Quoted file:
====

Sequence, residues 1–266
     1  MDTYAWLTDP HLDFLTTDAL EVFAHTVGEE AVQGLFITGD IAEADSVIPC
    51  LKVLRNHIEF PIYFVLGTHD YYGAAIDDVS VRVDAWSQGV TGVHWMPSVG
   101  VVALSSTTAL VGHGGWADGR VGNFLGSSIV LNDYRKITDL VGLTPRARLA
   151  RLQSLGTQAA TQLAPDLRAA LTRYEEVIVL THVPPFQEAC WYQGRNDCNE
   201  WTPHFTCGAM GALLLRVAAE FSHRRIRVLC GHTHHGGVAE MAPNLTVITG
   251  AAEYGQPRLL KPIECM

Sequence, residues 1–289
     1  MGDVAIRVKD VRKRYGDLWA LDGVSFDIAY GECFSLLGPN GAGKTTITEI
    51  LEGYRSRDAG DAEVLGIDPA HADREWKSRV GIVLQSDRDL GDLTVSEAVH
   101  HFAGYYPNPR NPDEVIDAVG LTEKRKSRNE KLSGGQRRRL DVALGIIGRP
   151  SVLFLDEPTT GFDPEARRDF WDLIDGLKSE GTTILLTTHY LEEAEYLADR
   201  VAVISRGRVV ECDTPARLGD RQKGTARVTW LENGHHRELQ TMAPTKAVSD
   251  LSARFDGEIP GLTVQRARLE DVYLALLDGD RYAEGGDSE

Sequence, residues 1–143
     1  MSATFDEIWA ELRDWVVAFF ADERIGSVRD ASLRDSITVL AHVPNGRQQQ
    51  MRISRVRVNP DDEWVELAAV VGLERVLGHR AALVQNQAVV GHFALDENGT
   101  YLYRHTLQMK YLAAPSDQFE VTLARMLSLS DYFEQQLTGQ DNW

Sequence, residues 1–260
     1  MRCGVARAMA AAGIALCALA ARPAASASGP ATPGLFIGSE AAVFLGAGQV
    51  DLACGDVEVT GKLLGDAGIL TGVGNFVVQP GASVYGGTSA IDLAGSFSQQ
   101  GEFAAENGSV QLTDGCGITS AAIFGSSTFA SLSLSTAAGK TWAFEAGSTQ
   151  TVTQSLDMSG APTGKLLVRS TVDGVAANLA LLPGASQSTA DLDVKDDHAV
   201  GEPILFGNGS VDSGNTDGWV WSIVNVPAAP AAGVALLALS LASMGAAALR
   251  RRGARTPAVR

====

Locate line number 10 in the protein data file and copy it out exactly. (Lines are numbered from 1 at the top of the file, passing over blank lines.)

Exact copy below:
    51  LEGYRSRDAG DAEVLGIDPA HADREWKSRV GIVLQSDRDL GDLTVSEAVH